Wikipedians such as Blnguyen, Paliath and Mukherjee contribute to the website with a missionary zeal. They take their work very seriously. Blnguyen, for instance, spends around 20 hours a week editing and tweaking. He is also part of the 15-member arbitration committee. Wikipedia has an elaborate seven-step dispute resolution process. The arbitration committee is the final step. Made up of users held in high esteem by the community, the ArbCom, as it is called, can overrule anyone on the website. Including Jimmy Wales, one of the founders.
User communities play a large role in the way Wikipedia works. Right from training new users to resolving disputes, most content decisions are taken by groups of users who have been chosen by their peers.
Mohammed Abbas Ali is an avid Wikipedian with entries such as Om Shanti Om (2007) to his credit. In fact, Abbas is big on Bollywood. But this wasn’t how he started on Wikipedia. “I began by making contributions to the entry on the Prophet Mohammed cartoons controversy. But things got extremely messy. I got banned a couple of times too.” Fortunately, Abbas was adopted by a more experienced user, who told him to stay away from the controversial stuff. “So, I picked up entertainment and Bollywood in general. And it has been great fun since. I spend around 3 hours a day on Wikipedia when I can.”
Abbas uses Wikipedia to escape from the dreariness of his daily life. He is a third-year medical student at the Deccan College of Medical Sciences in Hyderabad. “My parents are doctors and they sort of coaxed me into doing medicine. I would have done something else. Wikipedia is my way of dabbling in things non-medical!”
Abbas’ last few online battles have centred around 2007 blockbuster Om Shanti Om. “I sat right through till the end of the movie to make sure I missed nothing. But the cinema guys cut the credits just before Farah Khan made her entrance. So, I thought she never appeared in the credits. And I wrote so in my OSO entry.”
Other users, however, had seen Khan appear. And they changed Abbas’ entry. Abbas changed it back. The tussle went out of hand. “Everyone was telling me I was wrong. But nobody had citations to prove that she appeared. I refused to budge.” Finally, an admin locked the entry. It took 15 days for everyone to agree on Farah Khan’s appearance. And then when that “crisis” subsided, the OSO entry got locked again because people couldn’t agree on the list of people who appeared in the multi-starrer Deewangi song.
Vivin Suresh Paliath: Paliath continued to update Wikipedia even while serving in Iraq during Operation Iraqi Freedom
Abbas says: “This is the sort of thing that scares away new users and makes Wikipedia increasingly difficult to manage. Yes, you get much more accurate entries because of all the attention to detail. But the process is becoming increasingly painful.”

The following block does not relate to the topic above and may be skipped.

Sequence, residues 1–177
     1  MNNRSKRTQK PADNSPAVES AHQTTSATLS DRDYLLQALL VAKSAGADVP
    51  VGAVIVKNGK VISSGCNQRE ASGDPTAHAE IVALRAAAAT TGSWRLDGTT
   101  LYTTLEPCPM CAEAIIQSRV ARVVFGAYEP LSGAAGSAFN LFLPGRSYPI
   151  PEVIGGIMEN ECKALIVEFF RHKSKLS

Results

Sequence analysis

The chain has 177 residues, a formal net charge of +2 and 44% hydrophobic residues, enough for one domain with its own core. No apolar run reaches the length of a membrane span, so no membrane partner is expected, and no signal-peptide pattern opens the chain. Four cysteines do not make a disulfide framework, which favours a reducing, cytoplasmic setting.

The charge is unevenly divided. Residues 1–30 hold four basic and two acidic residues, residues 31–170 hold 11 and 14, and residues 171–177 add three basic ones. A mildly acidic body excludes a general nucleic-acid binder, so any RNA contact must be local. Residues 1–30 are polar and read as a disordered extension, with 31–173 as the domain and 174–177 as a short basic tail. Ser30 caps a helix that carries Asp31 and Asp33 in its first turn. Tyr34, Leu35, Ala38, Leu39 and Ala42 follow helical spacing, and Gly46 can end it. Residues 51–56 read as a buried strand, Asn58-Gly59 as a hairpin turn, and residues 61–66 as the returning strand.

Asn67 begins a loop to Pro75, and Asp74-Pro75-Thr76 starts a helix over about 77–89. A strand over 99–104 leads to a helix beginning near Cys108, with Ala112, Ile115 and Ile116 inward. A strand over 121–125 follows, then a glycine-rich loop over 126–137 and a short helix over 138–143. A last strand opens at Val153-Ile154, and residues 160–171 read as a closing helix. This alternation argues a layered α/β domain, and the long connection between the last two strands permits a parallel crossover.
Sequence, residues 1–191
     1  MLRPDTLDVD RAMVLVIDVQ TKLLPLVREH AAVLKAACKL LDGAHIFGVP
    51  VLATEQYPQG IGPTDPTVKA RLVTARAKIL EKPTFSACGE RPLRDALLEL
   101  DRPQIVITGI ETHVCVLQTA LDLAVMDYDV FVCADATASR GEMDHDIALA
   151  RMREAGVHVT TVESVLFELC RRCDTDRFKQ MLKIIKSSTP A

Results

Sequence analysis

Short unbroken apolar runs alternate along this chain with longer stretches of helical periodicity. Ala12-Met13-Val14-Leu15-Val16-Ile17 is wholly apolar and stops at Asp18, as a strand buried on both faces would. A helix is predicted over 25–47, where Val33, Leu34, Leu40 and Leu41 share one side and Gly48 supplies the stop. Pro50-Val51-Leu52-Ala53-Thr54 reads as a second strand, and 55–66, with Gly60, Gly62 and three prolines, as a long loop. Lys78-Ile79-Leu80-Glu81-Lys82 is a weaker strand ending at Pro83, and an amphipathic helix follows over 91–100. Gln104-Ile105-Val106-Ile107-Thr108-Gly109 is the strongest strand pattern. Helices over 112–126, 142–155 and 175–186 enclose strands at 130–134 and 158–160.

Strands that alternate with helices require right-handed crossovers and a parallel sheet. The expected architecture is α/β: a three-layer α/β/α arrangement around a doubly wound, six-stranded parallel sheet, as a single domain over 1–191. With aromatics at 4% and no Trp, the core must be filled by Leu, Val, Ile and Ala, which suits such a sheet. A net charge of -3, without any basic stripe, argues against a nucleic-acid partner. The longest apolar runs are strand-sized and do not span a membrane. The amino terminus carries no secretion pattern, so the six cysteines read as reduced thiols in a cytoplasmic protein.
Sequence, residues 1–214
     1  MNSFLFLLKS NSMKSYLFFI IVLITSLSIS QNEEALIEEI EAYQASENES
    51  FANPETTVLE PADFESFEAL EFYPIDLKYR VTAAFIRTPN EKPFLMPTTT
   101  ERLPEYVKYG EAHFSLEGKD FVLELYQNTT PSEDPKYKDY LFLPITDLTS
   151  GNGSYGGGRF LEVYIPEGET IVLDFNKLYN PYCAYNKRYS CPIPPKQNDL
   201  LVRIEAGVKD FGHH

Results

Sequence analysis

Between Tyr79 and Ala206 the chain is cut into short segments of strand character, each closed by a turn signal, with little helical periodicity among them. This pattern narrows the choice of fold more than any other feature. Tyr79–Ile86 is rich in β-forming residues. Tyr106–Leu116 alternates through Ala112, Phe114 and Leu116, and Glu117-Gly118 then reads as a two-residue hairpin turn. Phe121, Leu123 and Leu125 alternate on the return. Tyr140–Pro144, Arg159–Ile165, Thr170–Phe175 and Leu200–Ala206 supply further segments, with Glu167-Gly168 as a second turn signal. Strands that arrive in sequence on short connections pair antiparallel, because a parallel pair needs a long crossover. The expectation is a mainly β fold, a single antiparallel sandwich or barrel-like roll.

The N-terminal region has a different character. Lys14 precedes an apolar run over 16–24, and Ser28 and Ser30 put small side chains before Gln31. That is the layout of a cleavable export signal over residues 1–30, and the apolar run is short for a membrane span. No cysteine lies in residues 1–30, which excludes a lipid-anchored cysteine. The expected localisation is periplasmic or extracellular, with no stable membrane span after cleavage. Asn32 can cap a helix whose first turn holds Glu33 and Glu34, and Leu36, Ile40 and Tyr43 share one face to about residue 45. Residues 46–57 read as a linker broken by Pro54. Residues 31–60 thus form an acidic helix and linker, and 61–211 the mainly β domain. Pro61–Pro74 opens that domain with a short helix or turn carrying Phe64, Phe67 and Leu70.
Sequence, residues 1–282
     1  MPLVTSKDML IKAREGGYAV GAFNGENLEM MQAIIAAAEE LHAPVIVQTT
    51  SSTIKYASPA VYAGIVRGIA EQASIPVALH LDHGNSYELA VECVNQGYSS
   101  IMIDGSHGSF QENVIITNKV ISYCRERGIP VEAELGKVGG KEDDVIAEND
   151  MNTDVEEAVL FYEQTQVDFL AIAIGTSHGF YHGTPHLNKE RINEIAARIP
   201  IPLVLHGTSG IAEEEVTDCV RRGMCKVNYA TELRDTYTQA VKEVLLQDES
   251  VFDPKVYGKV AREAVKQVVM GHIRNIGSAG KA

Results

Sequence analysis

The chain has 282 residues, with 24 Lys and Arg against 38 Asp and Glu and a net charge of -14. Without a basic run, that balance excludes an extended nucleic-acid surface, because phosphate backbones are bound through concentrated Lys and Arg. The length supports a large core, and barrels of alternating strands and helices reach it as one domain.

According to the latest statistics, the typical Wikipedia entry has gone through an average of 89 edits. But even this minute, perhaps obsessive, attention to detail and neutrality is not enough to catch the enterprising vandal.
The India entry, for instance, had a well-hidden piece of “graffiti” deep inside footnote No. 14. Right in the middle of the terse footnote, about whether India shares a border with Afghanistan or not, appear the words: “Most important of all is that Mihir Bhojani is the roxstar of India”.
That error was caught when the writer of this piece was reading through the India entry but only after Mihir Bhojani had been the roxstar of India for well over four days.
“We try to do the best we can to keep a track of things. But it can be impossible to always be on our toes,” Blnguyen says. “Ideally we hate locking articles. It goes against the entire Wikipedia ethos. But some articles, especially the religious and regional ones, create a lot of passion. When things go haywire, we have no option but to lock things down.”
Given the labour it takes to write and maintain the average Wikipedia entry, it is difficult to understand what motivates these users to keep going. Abbas is a little philosophical: “Besides the release it gives me from classes, I think it’s a good thing to do. A good entry helps me to do something good for the world. I know it sounds juvenile. But I really, really feel great when a good article is done.” For Blnguyen, it’s just a pastime. “I should be studying. But I don’t. For me, Wikipedia is a hobby. Nothing more than that.”
Their effort shows. Wikipedia throws up spectacular Google search results. A simple search for the term “India” threw up the Wikipedia entry first. And then the Indian government websites. This is true for many searches.
Wikipedia servers throw up some 30,000 user queries per second. In 2007, the Supreme Court of India referred to the site in a ruling. (A computer manufacturer used Wikipedia to highlight how a laptop is different from a desktop and should bear different import duties.)
For the average user, though, none of the behind-the-scenes intrigue is visible. Browsers seldom notice the sheer quantum of labour that goes into making Wikipedia happen. It’s Wiki warriors such as Blnguyen, Paliath, Mukherjee and Abbas who toil for hours every day, for no pay, and make Wikipedia robust and dependable.
And thank god for that. That’s because right now, somewhere out there, somebody wants to be the next roxstar of India on Wikipedia.